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I was born in 1973. In 1973, the two German states became members of the United Nations. This was an important milestone on our way back into the international community. Since then, the political world map has undergone profound change. Today, Germany is united. The Cold War is over. New states have emerged. The global balance of powers has shifted with the impressive rise of China. The 54 countries on the African continent have become key actors inside the United Nations. During all these years of change, the Security Council has not been reformed a single time.
Dear co-facilitators, we therefore warmly welcome your courageous promise to instill new life into the debate on Security Council reform and to overcome the status quo.
But what does it mean to instill new life? For us, it means that we need to move away from declarations, and we need to move towards negotiations. The best way to achieve that is to base our discussion on a single document.
I find it encouraging that this point has been made by many colleagues over the course of the past few days. Something in the dynamics of this debate is changing! Something is happening here at the GA hall! We therefore believe that the time has come to merge the input of all delegations in this room into a single version of the Commonalities Paper. This paper should show which convergences we share. It should also show which points are still contested among us. And it should attribute positions to those of us who maintain them.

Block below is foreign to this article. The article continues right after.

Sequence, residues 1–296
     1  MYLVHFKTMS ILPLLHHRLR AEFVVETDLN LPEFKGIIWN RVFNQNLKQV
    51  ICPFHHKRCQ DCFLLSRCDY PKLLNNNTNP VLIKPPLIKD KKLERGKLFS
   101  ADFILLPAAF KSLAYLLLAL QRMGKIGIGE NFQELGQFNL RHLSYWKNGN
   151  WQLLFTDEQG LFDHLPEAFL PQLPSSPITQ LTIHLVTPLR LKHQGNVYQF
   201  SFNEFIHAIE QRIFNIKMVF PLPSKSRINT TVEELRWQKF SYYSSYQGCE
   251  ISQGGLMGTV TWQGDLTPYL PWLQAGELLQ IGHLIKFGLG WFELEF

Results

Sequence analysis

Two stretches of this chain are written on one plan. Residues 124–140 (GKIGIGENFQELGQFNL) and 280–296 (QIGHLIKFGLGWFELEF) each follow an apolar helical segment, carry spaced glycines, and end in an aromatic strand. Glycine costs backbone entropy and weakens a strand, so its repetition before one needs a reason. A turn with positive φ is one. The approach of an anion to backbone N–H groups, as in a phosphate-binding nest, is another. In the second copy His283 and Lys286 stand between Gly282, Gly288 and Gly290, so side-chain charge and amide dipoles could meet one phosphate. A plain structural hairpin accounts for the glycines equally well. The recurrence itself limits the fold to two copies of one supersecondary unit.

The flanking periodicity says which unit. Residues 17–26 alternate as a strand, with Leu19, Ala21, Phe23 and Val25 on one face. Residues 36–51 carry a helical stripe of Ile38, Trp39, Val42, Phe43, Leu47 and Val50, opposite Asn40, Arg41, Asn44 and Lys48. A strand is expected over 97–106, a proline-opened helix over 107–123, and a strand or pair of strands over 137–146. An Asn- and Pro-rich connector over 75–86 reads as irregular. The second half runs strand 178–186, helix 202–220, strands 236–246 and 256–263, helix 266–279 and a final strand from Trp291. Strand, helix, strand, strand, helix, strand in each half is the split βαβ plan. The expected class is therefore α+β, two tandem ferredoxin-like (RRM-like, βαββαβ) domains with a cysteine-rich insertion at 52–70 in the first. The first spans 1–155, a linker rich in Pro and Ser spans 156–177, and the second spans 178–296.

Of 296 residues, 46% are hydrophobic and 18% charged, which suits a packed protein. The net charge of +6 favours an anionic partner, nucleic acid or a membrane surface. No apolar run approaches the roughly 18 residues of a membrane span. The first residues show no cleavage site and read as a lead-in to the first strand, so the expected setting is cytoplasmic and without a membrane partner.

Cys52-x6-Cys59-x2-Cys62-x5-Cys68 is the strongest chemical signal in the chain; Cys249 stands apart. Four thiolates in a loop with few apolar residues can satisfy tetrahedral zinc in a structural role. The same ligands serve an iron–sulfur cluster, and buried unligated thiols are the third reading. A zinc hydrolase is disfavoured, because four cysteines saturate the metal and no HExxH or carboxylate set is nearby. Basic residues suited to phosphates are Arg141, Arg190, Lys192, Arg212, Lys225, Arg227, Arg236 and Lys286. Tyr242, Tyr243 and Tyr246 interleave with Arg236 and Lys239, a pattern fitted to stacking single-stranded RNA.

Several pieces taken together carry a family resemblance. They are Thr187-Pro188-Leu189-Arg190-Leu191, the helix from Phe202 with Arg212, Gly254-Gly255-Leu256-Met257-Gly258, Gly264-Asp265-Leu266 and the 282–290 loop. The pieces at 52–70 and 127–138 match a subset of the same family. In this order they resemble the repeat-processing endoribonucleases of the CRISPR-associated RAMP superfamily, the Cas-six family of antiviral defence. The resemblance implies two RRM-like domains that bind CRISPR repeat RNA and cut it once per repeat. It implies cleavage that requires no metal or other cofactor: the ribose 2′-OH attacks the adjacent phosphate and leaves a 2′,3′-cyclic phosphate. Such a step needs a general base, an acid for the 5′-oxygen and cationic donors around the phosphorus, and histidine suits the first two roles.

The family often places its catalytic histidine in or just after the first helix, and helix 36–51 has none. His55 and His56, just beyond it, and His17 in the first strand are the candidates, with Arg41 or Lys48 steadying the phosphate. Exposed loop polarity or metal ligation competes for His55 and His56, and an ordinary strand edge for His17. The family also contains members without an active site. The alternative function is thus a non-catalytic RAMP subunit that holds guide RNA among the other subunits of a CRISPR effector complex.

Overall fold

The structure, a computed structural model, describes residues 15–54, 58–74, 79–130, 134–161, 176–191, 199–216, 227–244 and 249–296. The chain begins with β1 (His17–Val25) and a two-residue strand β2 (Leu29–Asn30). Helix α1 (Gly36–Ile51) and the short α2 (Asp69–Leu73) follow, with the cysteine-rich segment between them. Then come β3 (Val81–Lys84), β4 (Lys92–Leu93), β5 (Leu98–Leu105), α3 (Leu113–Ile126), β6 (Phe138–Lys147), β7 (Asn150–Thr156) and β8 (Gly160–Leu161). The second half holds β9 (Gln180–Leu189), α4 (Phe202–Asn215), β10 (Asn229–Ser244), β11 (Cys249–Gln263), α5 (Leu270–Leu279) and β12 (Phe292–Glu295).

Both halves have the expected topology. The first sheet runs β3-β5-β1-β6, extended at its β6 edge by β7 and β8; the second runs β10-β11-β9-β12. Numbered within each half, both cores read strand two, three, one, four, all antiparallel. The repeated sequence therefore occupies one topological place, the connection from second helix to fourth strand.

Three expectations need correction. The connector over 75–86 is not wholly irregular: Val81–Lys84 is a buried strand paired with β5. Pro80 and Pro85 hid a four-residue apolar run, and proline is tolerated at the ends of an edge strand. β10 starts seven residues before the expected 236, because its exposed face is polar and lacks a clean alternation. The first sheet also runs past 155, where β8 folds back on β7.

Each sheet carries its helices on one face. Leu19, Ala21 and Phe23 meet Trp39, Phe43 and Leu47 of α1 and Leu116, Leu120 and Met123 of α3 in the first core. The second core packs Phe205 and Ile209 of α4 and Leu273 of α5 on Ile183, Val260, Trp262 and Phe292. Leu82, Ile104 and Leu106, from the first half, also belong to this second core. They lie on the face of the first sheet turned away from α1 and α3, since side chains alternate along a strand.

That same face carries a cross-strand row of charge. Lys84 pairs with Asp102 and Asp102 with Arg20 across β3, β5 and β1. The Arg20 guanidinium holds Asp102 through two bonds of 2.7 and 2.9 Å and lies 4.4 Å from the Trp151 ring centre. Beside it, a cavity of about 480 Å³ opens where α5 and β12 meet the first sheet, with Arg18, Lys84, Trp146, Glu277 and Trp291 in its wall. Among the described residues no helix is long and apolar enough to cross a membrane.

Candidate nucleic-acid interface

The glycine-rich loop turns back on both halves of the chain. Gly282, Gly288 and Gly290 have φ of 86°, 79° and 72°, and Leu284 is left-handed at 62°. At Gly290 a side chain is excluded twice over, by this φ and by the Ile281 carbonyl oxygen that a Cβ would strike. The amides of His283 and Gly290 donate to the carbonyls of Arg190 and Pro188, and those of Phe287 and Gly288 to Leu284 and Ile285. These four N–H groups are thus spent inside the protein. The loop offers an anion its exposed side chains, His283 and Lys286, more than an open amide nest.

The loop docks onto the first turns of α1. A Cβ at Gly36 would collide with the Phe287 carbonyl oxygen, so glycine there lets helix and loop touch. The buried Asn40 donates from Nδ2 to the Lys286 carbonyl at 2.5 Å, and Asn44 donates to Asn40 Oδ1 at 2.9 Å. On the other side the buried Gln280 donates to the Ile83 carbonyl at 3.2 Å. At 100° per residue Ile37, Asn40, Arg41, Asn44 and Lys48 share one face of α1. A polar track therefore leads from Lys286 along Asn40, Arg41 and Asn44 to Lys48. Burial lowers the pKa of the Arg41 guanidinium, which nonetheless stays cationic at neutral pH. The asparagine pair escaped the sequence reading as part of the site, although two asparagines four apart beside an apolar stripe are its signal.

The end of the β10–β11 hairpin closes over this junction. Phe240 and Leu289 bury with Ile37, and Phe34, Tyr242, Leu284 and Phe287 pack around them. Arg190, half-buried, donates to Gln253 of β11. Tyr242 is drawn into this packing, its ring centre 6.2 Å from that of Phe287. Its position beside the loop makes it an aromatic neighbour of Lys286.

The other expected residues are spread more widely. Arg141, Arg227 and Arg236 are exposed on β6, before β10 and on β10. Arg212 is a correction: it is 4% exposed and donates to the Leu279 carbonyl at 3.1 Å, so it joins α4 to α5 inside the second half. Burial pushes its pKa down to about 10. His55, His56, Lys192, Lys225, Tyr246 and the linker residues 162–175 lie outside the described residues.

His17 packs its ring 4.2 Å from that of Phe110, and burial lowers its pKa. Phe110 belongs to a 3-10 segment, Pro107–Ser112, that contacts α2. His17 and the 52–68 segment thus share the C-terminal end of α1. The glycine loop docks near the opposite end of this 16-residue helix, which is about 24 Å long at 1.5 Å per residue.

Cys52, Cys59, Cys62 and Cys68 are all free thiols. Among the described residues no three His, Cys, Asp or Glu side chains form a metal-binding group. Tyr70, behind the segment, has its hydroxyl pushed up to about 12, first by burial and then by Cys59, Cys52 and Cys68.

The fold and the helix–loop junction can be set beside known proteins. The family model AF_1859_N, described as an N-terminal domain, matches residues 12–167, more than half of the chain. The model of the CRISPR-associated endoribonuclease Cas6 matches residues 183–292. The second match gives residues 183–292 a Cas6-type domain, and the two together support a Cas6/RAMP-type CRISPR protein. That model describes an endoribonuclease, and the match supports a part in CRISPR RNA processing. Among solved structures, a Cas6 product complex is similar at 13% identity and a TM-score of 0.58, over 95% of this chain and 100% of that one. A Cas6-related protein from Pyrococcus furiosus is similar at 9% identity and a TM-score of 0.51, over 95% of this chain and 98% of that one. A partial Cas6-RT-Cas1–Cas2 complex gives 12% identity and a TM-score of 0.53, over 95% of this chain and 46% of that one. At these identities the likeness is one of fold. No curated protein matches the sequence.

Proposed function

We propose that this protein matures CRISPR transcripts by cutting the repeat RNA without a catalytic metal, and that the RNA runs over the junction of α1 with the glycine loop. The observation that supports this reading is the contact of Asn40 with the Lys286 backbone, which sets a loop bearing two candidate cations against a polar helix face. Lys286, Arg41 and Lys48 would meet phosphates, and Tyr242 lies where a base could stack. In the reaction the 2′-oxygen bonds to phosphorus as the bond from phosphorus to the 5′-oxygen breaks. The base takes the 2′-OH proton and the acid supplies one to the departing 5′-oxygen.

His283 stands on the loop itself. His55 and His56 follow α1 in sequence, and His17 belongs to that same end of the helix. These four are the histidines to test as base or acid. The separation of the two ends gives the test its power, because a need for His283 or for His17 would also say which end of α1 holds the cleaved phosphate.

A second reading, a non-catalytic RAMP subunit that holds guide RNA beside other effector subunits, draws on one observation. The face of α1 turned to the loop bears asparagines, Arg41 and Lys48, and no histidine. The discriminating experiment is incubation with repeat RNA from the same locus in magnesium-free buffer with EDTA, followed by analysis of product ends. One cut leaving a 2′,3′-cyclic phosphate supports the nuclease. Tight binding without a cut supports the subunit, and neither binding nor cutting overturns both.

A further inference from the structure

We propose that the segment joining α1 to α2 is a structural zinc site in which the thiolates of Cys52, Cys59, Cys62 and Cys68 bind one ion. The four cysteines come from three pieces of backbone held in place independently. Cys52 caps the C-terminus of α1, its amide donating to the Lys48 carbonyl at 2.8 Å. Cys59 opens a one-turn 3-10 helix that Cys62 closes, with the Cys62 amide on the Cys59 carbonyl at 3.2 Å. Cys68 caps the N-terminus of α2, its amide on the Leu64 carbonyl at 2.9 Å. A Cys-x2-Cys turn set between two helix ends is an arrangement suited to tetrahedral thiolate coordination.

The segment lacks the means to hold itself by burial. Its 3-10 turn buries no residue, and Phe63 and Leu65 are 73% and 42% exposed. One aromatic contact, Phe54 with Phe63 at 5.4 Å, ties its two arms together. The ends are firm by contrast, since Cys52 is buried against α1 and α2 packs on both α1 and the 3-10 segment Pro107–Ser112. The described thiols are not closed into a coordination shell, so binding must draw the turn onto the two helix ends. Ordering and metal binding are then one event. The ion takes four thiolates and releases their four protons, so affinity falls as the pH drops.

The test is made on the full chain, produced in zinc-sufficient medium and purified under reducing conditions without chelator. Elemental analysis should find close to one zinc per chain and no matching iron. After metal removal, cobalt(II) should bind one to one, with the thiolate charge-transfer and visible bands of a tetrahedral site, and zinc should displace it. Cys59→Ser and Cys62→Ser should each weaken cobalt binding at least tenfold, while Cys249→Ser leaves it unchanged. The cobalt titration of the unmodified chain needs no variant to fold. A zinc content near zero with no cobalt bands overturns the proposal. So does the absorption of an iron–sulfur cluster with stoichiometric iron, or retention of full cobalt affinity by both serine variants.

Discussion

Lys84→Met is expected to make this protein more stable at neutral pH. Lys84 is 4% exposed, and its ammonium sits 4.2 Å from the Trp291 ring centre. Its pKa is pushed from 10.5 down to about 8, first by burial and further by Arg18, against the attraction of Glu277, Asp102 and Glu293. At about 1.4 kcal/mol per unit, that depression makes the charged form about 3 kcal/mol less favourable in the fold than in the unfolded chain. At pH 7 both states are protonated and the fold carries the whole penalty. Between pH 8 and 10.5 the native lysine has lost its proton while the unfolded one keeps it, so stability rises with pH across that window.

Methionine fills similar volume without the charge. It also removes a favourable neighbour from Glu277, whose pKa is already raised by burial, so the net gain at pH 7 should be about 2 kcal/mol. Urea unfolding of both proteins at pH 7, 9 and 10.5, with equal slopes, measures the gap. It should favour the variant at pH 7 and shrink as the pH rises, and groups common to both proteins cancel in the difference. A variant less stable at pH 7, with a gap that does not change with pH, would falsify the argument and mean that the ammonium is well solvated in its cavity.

In this endeavor, we should take into account that in this room, there is broad support for the Common African Position and, even more so, for the notion that the historic injustice that has been done to the African countries must be corrected. We just heard from the Ambassador of from Sierra Leone how crucial this is. It has been made eloquently by our colleagues from Saint Vincent and the Grenadines and South Africa.
Now timing is key. We have spent 13 years in the IGN format without making any significant progress. The time for a single document is now. It should be rolled over immediately after this session and before session number four scheduled for April.
It is then only logical that we take more time in this year's debate. We need additional meetings in May and June.
Instilling new life into the negotiations is the right thing to do now for two reasons. Firstly, we all believe that a reform of the Security Council is overdue. Yet, 13 years of talks in the IGN format have not yielded the necessary results. We therefore need to fix the format.
There is a second reason why instilling new life is vital: There is a majority of member states who has requested that we base our talks on a single document. This is a new, important and positive development, and it must be taken into account. It is important to note that this is not just the G4 group, but a very broad group of countries from all parts of the earth and from all schools of thought on Security Council reform.
I thank the co-facilitators for the courage to instill new life into the negotiations. Let us all muster this courage and take the next steps – not as G4, not as Uniting for Consensus, not as the African Group, not as L69, not as CARICOM. Let's take the next step as the United Nations that we are and that Germany was so glad to join in 1973.